Ukraine: Who will pay for the war?

The militant nationalist sentiments of supporters of the “Anti-Terrorist Operation” (ATO) have always been combined with expectations that the most difficult work for the Kiev government will be done by the West. At first it was thought that the European Union and the International Monetary Fund would pay for European integration, offsetting economic losses from the introduction of new standards. Ukrainians were then told that the IMF would provide money to “stabilize” the economy.

However, we learned that in reality the international financial institution imposes a neoliberal reform plan that includes cannibalistic cutbacks in social spending, increases in utility tariffs, freezing of pensions and salaries, and large-scale privatization — this time with the requirement “to establish control over all the territory of the country.” Thus, the IMF played an important role in pushing the Kiev junta toward a bloody war in the east.

Then, after the tragic destruction of the Malaysian aircraft, predictions widely spread of an imminent invasion by NATO troops, who would quickly inflict a crushing defeat of the “separatists.” Significantly, in the first hours after the tragedy, the notion quickly spread in the Ukrainian segment of social networks that many U.S. citizens were aboard [Flight] MH-17 and a U.S. invasion was inevitable.

However, most Ukrainian citizens simply do not understand the structure of public opinion in the EU and the U.S. The majority of voters, both in the EU and the U.S., are very anti-militarist. Suffice it to say that the invasion of Afghanistan required as a pretext the biggest terrorist attack in U.S. history: the destruction of the World Trade Center. While abstaining here from any assessment of those events, it should be emphasized that for an open military invasion, Western public opinion requires very serious and obvious reasons — especially after the exposure of the lies about weapons of mass destruction in Iraq.

Even the expansion of economic sanctions against Russia was extremely controversial in Europe, since the transition from sanctions on individuals to economic sectors will damage European businesses closely associated with Russian investment programs.

So far the Kiev government has been left to deal with its own military, political and financial problems. Meanwhile, the war has virtually emptied the Ukrainian treasury. The ATO, which consumes about 1.5 billion hryvnia [2.01 billion dollars] per month, has put on the agenda the question of finding sources of funding for the war.

The establishment of unlimited control over the government by Ukrainian oligarchs removes the country’s richest people from the equation. Not only are they not going to lose money in this conflict; they also intend to increase their wealth at the cost of the largest privatization of the past 20 years, [Ukrainian Prime Minister] Arseniy Yatsenyuk announced, and through the supply of weapons, equipment, fuel and food to the Ukrainian army at vastly inflated prices.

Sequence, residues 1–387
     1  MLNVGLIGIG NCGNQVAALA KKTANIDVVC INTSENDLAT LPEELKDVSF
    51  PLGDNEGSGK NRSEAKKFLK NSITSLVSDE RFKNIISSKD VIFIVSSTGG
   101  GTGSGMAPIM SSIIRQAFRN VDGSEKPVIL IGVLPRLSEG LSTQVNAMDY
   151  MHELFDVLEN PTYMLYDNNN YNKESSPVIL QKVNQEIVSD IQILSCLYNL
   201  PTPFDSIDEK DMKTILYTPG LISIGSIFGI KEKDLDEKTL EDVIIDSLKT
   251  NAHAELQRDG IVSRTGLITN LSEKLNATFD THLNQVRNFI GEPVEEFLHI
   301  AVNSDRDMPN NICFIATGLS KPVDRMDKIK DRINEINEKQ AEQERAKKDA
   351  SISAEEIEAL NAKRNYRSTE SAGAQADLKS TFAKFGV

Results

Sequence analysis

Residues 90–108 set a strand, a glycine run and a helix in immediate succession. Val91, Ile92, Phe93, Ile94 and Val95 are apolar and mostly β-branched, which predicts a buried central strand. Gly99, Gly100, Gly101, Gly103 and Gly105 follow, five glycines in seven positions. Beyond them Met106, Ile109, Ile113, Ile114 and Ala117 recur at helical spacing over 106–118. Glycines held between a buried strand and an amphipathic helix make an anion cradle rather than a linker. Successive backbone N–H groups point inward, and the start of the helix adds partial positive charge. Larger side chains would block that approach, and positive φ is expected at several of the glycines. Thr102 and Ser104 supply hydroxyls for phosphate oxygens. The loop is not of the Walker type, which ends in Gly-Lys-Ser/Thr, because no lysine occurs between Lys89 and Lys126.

The poorest sectors of the population are offered up to pay the costs, both indirectly (through frozen salaries and pensions and cuts in social spending) and directly (through higher utility rates).

Kiev has already officially announced new price increases in this most corrupt segment of the Ukrainian economy for Aug. 1. Well-known Ukrainian lawyer Tatyana Montyan has repeatedly pointed out the complete concealment of tariff-setting policy and lack of civilian control in this area. Meanwhile, this will be the second large-scale increase since the beginning of the conflict, causing confusion among the people: Will housing rates really rise every month? Given that in most areas of Kiev hot water is already shut off indefinitely, citizens will be left to solve the problem of heating this winter at their own expense.

Mass impoverishment, plunder of state property, robbing the population through exorbitant housing rates — these are the true results of the continuing ATO. More and more people understand this. However, the government is prepared to declare any disgruntled people as “agents of the FSB [Russian State Security],” as Yatsenyuk has already done. Protests will be suppressed by right-wing paramilitaries of the National Guard, and participants will be prosecuted for their “unpatriotic” attitude.

This raises the question of tactics of the left and democratic forces, who are already facing a new wave of repression. It is obvious that the time for picketing the government has already passed. Most likely, in the near future we will see new forms of struggle in the form of spontaneous civil disobedience. The massive evasion of conscription has become a much more important protest than any previous anti-war actions.

The organizer of this disobedience is the masses. And they are not in jail.

Translated by Greg Butterfield.

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